May. 19, 2017
NBA Playoffs: 16 Teams Is Too Many
by Fox Doucette
The 2017 NBA Playoffs are down to their last four teams; three of them are exactly who we expected they would be (Golden State, San Antonio, and Cleveland), and the fourth is not in any way surprising, especially once we saw the matchups after the regular season was done; had Boston been the 2 seed, Toronto would've been a much more viable pick, but that's as far as any controversy could possibly go here.
In the first round, seven higher seeds won their first-round series; the only lower seed to win (Utah) did so in a Game 7 against a team that was without one of its superstars due to injury (the Clippers and Blake Griffin.)
Nobody for one minute seriously believed that Atlanta, Milwaukee, Indiana, Chicago, Memphis, or Portland had a ghost of a chance of making a deep playoff run, and the only reason the Oklahoma City Thunder's chances weren't immediately laughed out of the room is because they have the league's best player—who, by the way, couldn't even challenge the Houston Rockets all by himself.
The closest thing we had to an upset in the second round—the Wizards stretching the Celtics to seven games—involved two star-driven teams holding serve on their home court and Boston just having the benefit of a Game 7 at home.
So why the hell are there 16 teams in the NBA Playoffs? Is anyone benefiting from this?
Even during the regular season, when the East was so wide open that 12 teams had realistic playoff hopes as late as the All-Star Game, the conversation was about Boston, Cleveland, and Toronto, end of list. The discussion out west was Golden State, San Antonio, and Houston, with the Thunder lurking as that “they couldn't really...could they?...naaah” team.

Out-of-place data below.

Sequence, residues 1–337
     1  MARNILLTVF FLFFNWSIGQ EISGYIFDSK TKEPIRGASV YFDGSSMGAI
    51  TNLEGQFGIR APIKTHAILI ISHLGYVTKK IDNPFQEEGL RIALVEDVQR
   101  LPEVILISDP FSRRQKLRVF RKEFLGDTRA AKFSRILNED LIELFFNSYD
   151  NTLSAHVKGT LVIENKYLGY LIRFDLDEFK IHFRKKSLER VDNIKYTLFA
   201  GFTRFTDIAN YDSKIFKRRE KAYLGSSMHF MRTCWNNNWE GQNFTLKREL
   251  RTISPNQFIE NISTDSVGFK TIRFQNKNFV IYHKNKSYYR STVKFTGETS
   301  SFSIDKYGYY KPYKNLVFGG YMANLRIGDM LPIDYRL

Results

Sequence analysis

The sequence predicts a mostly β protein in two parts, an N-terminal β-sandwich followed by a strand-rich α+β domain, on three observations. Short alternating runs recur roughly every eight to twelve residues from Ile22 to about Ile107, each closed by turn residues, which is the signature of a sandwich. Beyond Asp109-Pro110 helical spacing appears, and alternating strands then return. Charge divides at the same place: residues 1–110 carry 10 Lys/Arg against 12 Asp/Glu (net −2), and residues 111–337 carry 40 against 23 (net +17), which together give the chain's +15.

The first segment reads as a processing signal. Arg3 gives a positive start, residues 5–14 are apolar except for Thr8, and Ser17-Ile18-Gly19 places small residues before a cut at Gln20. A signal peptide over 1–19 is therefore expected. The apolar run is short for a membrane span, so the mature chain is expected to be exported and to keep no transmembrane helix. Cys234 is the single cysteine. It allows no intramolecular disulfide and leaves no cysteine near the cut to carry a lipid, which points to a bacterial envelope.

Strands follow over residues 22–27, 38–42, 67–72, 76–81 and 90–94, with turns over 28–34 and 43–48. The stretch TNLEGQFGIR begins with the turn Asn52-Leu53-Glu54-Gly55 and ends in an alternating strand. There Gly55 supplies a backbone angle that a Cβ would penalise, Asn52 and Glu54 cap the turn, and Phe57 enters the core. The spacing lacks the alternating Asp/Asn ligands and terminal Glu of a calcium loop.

We watched an absolute slog of a first round with a dearth of competitive games; the closest thing we got to a series worth a damn besides that great Jazz-Clips matchup was Indiana getting swept but only losing by an average of four points a game. Nobody, not even in Pacer Nation, believed for half a second that LeBron was losing that series.
So once again...why do we even bother with this crap?
The NBA needs to seriously consider taking a page from football or baseball and reducing the number of teams that make the playoffs. In football, 12 out of 32 teams get in. It is rare for a team that won less than 60 percent of its games (as in going 10-6) to get a spot, and when it happens, it's usually because of football's religious devotion to division titles.
In baseball, 10 of 30 get in; good luck being the second wild card while winning less than 90 ballgames, the equivalent of an NBA team going 46-36 or so.
And now that we take a moment to think about it, 46 wins should be about the average for an NBA team to be considered worth a damn in April, shouldn't it? Going 43-39, as Atlanta did to snag the East's five seed, shouldn't hack it.
So here's my proposal:
We let the top three teams in each conference plus one "wild card" with the best record into the playoffs right up front. Seven teams.
For the other position in the quarterfinals, the spot gets filled by a mini-tournament; the best four teams fight for the “second wild card” in a one-game winner-take-all format.
On Friday, four teams meet. On Sunday, the winners of Friday's games meet, and the winner makes the playoffs. The top record of the two "wild card" teams we therefore select gets the four seed against the weaker conference winner; the weekend tournament winner gets the 4 in the stronger conference's playoffs, regardless of geography.
So this year, for example, on the last day of the regular season, Boston, Cleveland, Toronto, Golden State, San Antonio, Houston, and the Clippers? In. The Jazz, Wizards, Thunder, and Hawks (who get the tiebreak over Memphis based on record against their own conference)? Oh, tell me you wouldn't watch the hell out of that over the weekend, huh?
Can you imagine John Wall taking on Steph Curry in the playoffs without the Wizards having to make the Finals? Or Doc Rivers taking on Boston, which would've been the matchup under this system? And all that without having to watch the boring, overwrought first round that took two weeks before we got to the “real” playoffs?
With all that extra time saved, you could tack two weeks onto the regular season and cut down on back-to-backs and other “schedule losses”, and if you eliminated part of the preseason, you could stretch the regular campaign by a month, all while getting straight to the fun part of the playoffs sooner and having “instant Game 7, just add water” in Round 1.
Go ahead. Tell me the downside.